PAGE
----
Marex Spectron curtailed hopes for arabica coffee prices, heralding the end of the net drawdown in in certified stocks which has been a key support for values – and foreseeing outperformance by robusta futures.
The commodities house – which in May forecast a rebound in arabica values from levels around 100 cents a pound – said that the recovery in futures to stand at 121.00 cents a pound on Tuesday, for December delivery, had gone far enough to factor in market dynamics.
“We no longer see ‘far value’ above market levels,” Marex said, in comments which follow cautious coffee price outlooks from ABN Amro and Rabobank too.
The assessment factored in increased expectations for coffee supplies, in the main on demand hits relating to the Covid-19 pandemic, with the forecast for the 2019-20 world production deficit reduced by 2.0m bags to 2.3m bags, and for the 2020-21 surplus raised by 1.1m bags to 3.1m bags.
The group said that its estimates “equate to 5.5m bags of lost demand growth” over the two seasons.
However, Marex stressed too the impact of a record Brazilian harvest, which it upgraded by 1.0m bags to 67.0m bags, in fostering a reversal in the decline in stocks certified for delivery against New York arabica futures – shrinkage which has been key to price gains.
Since in 2013 being listed as a deliverable origin against New York exchange stocks, “Brazil has never lived up to its potential”, with certified inventories actually accounted for in the main by Honduran beans.
“But this may be about to change.
“There is currently a window of opportunity in which semi-washed Brazils [arabica beans] are trading at tenderable parity to New York futures.”
In a “seismic shift”, semi-washed Brazilian beans could flow into exchange warehouses, and “replace Honduras as the basis of the futures contract”.
‘Largest decline since 2004’
Marex estimated at some 200,000 bags of Brazilian beans would be certified by the end of 2020, implying stocks of some 1.4m bags as of December, “of which about 15%” would stem from the South American country.
The draw in certified stocks was poised to “slow from September onwards as a pick-up in South American milds and Brazils (fine cup and semi-washed) plugs the continued gap left by Central America and Mexico”, a region where relatively high output costs have stemmed production.
That would follow what it turning out to be, in August, the biggest month in nearly 16 years for drawdowns from New York stocks.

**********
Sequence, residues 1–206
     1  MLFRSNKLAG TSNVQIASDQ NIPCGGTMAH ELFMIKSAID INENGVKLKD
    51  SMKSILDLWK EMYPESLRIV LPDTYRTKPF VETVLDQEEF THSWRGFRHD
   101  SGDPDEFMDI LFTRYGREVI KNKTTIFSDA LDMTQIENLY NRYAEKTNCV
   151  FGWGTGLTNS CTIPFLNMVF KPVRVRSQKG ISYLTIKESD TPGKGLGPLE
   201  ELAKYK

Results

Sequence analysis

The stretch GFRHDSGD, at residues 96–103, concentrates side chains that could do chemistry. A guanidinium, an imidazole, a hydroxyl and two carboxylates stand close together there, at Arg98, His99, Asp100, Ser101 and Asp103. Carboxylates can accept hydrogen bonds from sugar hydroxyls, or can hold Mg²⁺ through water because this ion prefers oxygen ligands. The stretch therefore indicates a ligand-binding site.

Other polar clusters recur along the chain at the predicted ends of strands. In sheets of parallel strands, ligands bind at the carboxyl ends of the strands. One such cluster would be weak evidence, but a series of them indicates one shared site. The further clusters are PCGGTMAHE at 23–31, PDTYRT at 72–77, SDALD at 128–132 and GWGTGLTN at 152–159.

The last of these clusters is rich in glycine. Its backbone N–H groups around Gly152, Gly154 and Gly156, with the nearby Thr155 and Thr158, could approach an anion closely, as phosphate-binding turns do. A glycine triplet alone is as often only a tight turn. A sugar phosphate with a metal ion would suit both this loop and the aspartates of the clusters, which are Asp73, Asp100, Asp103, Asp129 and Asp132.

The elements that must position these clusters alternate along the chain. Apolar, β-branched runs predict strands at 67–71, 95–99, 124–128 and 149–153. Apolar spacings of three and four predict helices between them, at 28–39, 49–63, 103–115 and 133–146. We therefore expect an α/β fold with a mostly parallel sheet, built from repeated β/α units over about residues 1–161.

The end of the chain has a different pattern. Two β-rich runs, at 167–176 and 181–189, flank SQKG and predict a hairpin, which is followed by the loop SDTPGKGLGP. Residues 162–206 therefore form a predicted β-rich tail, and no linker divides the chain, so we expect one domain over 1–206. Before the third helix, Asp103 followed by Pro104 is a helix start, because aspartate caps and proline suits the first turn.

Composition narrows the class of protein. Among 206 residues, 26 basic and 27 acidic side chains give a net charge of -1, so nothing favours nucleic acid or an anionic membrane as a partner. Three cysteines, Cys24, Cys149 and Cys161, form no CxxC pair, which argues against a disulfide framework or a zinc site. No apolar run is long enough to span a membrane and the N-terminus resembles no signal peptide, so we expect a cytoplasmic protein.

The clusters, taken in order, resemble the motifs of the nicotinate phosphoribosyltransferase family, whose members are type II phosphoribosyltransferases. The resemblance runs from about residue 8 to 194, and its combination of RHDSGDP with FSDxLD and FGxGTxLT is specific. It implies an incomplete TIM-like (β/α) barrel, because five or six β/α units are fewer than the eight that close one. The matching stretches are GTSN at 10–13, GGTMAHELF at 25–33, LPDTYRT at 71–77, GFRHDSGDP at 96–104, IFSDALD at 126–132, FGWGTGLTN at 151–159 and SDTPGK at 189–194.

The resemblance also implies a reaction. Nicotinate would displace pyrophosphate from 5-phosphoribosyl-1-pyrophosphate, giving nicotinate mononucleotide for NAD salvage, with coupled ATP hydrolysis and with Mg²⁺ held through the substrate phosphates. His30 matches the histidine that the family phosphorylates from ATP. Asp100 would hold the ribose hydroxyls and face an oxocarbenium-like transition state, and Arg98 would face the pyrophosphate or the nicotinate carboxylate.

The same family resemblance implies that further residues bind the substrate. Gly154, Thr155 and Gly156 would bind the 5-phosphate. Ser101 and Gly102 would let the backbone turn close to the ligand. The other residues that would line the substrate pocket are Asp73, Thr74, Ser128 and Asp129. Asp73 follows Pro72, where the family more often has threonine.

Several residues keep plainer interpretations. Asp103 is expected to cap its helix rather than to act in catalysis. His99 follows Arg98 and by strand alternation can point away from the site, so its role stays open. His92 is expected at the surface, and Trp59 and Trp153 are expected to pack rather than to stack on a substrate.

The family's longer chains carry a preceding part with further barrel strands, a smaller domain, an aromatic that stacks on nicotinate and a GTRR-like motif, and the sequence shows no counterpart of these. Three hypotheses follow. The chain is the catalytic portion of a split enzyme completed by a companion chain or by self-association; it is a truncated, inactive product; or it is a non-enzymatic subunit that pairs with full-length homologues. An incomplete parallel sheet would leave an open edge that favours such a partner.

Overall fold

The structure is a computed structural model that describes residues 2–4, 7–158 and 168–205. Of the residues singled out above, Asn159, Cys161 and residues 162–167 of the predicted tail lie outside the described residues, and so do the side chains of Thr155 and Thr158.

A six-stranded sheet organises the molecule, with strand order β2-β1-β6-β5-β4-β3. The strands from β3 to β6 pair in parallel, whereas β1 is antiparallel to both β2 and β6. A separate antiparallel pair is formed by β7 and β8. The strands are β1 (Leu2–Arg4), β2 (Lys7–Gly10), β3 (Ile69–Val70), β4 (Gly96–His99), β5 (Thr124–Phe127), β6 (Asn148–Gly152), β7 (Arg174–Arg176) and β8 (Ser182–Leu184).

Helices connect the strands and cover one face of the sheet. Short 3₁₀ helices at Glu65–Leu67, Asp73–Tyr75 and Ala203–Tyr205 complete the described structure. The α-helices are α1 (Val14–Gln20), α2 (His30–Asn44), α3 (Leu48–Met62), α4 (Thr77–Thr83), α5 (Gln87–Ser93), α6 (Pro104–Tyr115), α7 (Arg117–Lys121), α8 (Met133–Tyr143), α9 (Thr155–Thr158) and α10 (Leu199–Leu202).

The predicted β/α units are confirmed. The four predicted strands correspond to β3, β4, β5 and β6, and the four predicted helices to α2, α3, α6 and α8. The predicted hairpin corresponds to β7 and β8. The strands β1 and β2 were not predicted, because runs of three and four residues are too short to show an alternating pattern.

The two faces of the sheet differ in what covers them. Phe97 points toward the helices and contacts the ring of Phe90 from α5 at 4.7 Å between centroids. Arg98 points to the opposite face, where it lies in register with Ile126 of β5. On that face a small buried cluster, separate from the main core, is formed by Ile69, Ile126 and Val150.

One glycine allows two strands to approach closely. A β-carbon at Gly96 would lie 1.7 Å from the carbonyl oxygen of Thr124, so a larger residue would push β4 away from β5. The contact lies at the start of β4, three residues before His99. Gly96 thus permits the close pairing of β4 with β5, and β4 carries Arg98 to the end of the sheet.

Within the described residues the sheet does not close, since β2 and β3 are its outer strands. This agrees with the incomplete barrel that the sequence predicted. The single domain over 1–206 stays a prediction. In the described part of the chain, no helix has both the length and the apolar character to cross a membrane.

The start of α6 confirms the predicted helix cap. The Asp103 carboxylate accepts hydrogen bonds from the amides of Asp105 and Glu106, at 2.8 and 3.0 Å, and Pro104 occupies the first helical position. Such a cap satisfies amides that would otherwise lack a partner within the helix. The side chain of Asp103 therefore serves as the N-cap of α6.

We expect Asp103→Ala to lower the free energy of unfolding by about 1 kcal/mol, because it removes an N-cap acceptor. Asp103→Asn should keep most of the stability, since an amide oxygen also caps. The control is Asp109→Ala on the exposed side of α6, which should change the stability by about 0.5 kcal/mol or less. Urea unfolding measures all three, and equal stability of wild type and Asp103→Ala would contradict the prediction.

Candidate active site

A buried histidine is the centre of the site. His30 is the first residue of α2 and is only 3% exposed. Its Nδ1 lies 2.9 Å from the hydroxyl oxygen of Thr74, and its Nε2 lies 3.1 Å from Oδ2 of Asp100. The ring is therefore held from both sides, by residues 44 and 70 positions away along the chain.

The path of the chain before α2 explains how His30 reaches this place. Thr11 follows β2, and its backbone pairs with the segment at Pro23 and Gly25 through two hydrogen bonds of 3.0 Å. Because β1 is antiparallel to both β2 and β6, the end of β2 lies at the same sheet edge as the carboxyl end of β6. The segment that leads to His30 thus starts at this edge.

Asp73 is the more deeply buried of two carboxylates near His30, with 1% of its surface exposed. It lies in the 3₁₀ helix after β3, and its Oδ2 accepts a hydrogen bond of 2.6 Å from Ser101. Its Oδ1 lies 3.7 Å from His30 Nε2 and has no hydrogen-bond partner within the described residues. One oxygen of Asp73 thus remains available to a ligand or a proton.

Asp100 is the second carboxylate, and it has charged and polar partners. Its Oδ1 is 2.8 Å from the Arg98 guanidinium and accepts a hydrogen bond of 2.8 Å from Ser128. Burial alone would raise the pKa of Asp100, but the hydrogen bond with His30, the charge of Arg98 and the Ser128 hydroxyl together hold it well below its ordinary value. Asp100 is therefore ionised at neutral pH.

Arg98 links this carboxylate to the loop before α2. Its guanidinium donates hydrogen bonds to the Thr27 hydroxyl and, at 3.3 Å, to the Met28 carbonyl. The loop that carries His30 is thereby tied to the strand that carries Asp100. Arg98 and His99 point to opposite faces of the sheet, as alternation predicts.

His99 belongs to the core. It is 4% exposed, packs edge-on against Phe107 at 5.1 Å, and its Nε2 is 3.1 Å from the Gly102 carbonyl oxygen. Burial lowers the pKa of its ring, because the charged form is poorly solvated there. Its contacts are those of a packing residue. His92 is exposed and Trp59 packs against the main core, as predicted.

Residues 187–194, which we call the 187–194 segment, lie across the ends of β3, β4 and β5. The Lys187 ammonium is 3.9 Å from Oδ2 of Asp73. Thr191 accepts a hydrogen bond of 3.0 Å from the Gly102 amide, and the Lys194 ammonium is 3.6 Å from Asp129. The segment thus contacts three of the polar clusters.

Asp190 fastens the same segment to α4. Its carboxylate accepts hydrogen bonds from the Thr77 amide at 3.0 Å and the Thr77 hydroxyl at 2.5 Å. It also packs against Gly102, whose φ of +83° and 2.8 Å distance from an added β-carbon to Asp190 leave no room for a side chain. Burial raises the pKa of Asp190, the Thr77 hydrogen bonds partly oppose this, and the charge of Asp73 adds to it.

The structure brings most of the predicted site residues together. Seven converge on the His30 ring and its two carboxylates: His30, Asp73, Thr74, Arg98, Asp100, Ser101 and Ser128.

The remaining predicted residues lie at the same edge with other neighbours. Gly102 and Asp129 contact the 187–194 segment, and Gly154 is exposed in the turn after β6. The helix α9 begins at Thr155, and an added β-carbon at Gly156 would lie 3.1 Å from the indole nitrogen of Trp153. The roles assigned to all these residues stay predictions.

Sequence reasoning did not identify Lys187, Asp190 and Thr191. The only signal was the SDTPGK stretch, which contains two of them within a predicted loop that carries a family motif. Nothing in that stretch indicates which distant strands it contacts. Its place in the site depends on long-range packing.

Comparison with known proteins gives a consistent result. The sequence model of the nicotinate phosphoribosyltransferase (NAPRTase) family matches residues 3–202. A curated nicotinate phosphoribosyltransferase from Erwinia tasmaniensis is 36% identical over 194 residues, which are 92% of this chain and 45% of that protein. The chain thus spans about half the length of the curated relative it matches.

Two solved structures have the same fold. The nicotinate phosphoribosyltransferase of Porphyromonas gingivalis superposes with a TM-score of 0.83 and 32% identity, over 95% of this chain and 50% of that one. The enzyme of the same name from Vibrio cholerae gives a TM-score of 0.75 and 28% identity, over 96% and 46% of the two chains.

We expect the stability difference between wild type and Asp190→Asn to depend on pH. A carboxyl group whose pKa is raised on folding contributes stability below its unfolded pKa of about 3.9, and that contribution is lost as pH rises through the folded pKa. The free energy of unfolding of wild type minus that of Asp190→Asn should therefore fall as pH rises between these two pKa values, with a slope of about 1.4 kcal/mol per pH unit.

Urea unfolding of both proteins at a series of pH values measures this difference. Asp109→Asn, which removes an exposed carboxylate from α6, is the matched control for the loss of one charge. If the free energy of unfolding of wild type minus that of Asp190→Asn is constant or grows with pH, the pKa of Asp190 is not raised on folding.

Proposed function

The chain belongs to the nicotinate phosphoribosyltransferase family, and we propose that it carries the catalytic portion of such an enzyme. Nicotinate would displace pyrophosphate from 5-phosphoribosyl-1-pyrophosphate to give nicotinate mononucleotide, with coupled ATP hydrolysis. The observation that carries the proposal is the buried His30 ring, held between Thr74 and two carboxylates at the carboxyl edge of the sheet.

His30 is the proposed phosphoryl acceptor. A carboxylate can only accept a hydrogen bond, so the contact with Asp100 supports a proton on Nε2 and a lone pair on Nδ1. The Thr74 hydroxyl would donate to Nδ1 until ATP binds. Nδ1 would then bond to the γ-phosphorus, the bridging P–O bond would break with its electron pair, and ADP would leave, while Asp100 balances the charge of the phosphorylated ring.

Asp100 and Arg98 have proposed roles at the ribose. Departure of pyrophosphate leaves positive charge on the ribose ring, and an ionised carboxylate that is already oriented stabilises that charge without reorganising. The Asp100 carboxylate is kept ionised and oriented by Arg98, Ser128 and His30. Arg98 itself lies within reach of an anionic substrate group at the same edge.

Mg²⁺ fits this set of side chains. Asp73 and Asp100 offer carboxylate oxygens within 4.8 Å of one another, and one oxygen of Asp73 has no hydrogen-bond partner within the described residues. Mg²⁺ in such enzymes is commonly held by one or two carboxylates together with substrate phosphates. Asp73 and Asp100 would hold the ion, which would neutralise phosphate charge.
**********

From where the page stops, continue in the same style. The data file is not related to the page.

“With six sessions left to go in August, [stocks] are down more than 253,000 bags (15.9% lower) for the month,” ADM Investor Services reported on Monday.
“This is already the largest outright monthly decline since December 2004 and the largest percentage monthly decline since October 1998.”
The broker added that with “the vast majority of ICE exchange coffee stocks located at warehouses in Antwerp, Hamburg and Bremen… their sharp August decline is a positive sign for European near-term demand prospects”.
Marex Spectron said that London robusta beans stocks – which have also been drawn down, as Covid-19 underpins demand for at-home coffee brands at a time when shipments from top producer Vietnam have slowed – could also see marked inflows of supplies from a bumper Brazilian harvest.
“We expect the spot situation to find nearby relief from the grading of conilons,” as Brazilian robusta is termed.
However, this trend will prove “short lived”, and herald a further draw down in exchange inventories.
Noting that more than three quarters of the certified robusta stocks “already incurs age penalties, and is becoming cheaper every month”, the market will become “increasingly prone” to strength in near-term futures contracts.
“As 2020-21 progresses, the robusta deficit will make itself felt.
“We expect to see a market prone to repeated backwardations and, with an arbitrage at 58 cents a pound, that is currently undervalued compared to arabica.”